NHS Pensions

NHS Pensions

Photo by Luis Melendez on Unsplash

It appears that finally the government has listened and is reviewing the pension Taper Annual Allowance (TAA) for NHS workers and potentially for other public sector employees. 

The TAA was introduced by the government in 2016 and created further complexity by trying to reduce the ability for ‘high earners’ to claim tax relief by making pension contributions. 

The TAA restricts the pension annual allowance for people with deemed earnings over £150,000 by reducing their standard annual allowance by £1 or every £2 of ‘earnings’ over this threshold.  Since the £150,000 deemed earnings include employer contributions to pension schemes, this creates an impossible position for some employees who are members of defined benefit pension schemes.  The deemed level of pension contributions for these types of schemes is the increase in scheme benefits over the tax year adjusted for inflation, which the member has no control over, and is linked to their service and total earnings at the beginning and end of the tax year. 

If you are in the NHS scheme, or other similar schemes, and receive a pay rise or work extra hours which increase your earnings, you will pay tax on those additional earnings at your marginal rate of income tax.  However, your deemed benefits in the pension scheme will also increase due to your level of service applying to your new higher salary.  This, when added to your other earnings, could lead to a TAA tax charge.  This additional tax charge could be substantial and, in some cases, would have to be paid from your net income or savings.

You can find full details of the annual allowance and TAA, in our Guide to Pensions which is free to download at – http://www.bloomsburywealth.co.uk/guide-to-pensions/

In defined benefit schemes such as the NHS pension scheme and other public sector schemes, there is the possibility that this could create a disincentive to work.  In some cases, this is made even worse by the historic protections in place when a lot of these schemes transferred to career average salary-based schemes.  Members of the previous schemes maintained their service in the old schemes linked to their current salary (not the pensionable salary when the old scheme ceased), while also accruing benefits in the new scheme.  Compared to many private sector workers in money purchase pensions, these types of schemes and the protection granted are enviable, but due to the inability to alter contributions or affect the deemed increase in benefits without leaving the scheme they can create punitive tax charges.

In some extreme cases, the additional TAA tax charges could result in marginal tax rates up to 100% of any additional earnings.  This led, for example, to NHS consultants and other high-earning clinical staff reducing their hours or choosing not to carry out any additional work because doing so resulted in higher pension-related tax charges.  This doesn’t help with NHS staff shortages or waiting lists.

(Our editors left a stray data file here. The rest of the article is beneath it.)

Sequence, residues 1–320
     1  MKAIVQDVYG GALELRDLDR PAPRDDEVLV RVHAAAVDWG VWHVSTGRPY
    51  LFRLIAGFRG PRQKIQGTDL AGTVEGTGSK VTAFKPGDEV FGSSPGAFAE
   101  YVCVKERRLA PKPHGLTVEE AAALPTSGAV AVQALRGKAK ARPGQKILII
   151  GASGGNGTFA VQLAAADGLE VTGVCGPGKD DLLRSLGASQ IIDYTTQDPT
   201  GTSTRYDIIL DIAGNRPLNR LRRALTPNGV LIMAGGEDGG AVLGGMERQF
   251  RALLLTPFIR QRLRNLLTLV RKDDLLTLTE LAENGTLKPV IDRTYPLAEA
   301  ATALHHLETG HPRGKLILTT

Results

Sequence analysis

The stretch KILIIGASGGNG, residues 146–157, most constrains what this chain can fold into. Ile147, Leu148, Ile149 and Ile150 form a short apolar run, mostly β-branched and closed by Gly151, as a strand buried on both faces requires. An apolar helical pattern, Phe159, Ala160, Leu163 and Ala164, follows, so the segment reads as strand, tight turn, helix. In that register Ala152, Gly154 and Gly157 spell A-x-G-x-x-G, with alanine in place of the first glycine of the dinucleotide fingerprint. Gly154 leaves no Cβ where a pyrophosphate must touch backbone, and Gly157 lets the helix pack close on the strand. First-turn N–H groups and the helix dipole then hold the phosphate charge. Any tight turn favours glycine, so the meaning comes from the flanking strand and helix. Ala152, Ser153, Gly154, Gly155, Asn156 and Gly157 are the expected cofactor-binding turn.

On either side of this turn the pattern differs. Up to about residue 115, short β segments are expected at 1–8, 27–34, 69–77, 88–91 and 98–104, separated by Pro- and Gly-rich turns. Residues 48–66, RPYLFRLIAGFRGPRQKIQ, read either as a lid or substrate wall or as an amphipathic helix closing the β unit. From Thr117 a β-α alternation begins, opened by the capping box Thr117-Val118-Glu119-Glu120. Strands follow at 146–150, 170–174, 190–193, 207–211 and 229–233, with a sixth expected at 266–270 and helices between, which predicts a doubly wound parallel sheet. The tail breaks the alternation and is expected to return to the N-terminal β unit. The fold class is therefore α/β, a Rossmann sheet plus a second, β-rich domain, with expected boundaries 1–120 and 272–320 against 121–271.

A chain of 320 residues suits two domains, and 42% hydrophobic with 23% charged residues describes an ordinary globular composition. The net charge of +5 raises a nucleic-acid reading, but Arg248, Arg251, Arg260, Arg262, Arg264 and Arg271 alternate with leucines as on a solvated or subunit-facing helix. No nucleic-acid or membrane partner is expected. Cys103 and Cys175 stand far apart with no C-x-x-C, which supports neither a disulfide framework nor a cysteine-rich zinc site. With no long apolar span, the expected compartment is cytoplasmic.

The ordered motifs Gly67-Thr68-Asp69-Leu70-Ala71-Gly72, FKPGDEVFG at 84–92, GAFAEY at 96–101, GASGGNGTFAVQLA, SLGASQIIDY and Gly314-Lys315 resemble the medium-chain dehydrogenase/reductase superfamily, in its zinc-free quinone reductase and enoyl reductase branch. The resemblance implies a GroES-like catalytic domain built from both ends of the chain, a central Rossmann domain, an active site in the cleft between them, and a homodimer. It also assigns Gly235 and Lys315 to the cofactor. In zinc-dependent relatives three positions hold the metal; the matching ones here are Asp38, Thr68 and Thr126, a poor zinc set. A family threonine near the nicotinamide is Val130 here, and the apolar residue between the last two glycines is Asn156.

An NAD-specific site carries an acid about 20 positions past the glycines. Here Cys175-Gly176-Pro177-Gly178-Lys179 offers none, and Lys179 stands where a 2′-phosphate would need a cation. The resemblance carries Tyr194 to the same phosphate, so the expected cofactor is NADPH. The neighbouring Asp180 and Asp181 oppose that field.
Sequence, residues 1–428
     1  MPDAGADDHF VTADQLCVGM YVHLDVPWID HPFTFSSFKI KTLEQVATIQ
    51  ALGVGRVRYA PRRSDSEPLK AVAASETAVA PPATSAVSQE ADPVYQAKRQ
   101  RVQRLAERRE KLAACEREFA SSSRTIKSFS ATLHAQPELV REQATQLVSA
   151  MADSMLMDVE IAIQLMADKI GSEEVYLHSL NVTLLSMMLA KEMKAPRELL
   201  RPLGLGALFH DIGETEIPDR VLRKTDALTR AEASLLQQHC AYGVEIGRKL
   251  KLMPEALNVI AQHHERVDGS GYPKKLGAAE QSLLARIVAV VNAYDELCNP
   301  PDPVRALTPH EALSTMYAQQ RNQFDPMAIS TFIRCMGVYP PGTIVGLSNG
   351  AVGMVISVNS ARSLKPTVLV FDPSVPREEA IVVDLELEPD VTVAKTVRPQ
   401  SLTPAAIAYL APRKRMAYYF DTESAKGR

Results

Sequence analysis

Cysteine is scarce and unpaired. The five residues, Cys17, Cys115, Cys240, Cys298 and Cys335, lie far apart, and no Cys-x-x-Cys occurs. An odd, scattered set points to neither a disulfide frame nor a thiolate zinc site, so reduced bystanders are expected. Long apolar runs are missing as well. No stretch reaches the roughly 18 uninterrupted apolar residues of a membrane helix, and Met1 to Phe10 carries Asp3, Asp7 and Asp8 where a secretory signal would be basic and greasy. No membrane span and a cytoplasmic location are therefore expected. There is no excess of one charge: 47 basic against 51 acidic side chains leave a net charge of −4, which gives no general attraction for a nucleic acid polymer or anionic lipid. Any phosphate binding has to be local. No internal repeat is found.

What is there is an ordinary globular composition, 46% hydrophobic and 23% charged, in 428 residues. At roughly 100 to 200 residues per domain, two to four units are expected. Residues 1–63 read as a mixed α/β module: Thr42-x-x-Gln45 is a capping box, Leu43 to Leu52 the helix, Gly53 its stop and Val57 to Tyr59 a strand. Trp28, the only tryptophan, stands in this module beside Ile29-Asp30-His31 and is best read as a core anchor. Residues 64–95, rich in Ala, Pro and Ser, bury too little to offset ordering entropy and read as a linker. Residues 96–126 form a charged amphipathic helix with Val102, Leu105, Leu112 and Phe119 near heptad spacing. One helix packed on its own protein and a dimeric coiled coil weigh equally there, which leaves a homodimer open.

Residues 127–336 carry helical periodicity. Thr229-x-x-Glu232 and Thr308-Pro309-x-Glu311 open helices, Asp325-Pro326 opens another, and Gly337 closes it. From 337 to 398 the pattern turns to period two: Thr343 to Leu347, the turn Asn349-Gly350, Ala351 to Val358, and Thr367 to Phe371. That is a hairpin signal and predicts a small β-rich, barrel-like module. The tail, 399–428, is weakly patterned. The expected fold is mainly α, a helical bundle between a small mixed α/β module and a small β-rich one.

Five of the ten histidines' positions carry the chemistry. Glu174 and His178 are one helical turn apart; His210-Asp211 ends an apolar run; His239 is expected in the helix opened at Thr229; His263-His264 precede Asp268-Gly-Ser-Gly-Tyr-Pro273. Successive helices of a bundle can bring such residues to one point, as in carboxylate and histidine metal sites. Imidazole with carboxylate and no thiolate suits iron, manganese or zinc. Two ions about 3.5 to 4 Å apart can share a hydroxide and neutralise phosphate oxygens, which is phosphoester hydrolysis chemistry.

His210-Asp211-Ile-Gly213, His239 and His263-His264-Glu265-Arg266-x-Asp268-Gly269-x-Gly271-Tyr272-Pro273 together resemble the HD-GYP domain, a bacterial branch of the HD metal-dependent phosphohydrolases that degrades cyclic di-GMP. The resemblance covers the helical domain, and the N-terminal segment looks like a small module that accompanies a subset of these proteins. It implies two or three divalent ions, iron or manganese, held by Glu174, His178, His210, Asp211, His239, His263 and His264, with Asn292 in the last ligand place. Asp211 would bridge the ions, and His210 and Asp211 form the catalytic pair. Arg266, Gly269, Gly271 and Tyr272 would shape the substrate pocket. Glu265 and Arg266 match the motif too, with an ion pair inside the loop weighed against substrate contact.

Following lobbying from the British Medical Association ‘BMA’, the government has decided to review the operation of the TAA.  It is considering bringing in the ability for NHS (and hopefully other public sector) workers to decide each scheme year what level of membership applies to that year and in doing so reduce the level of member contributions and deemed accrual in the scheme for TAA calculations.

This is welcome news as the TAA in its present form has some unintended consequences.  Although it reduces the tax relief available, it is also creating a disincentive to work, especially additional shifts and hours.  It is also encouraging some public sector workers to leave or consider leaving their employer’s pension schemes prematurely and losing valuable long term benefits in the process.

There are some disadvantages to any changes made in that we will end up with further complexity rather than reducing it.  You may recall that when pension legalisation was first overhauled in 2006, it was billed as ‘pension simplification’, however the reality since has not achieved this.  The proposed changes are hardly likely to make pensions for public sector workers simpler. 

The changes currently under consideration don’t appear to be able to be applied to private sector workers in similar defined benefit schemes who may have the same issues, but at least it is a step in the right direction for members of the NHS pension scheme.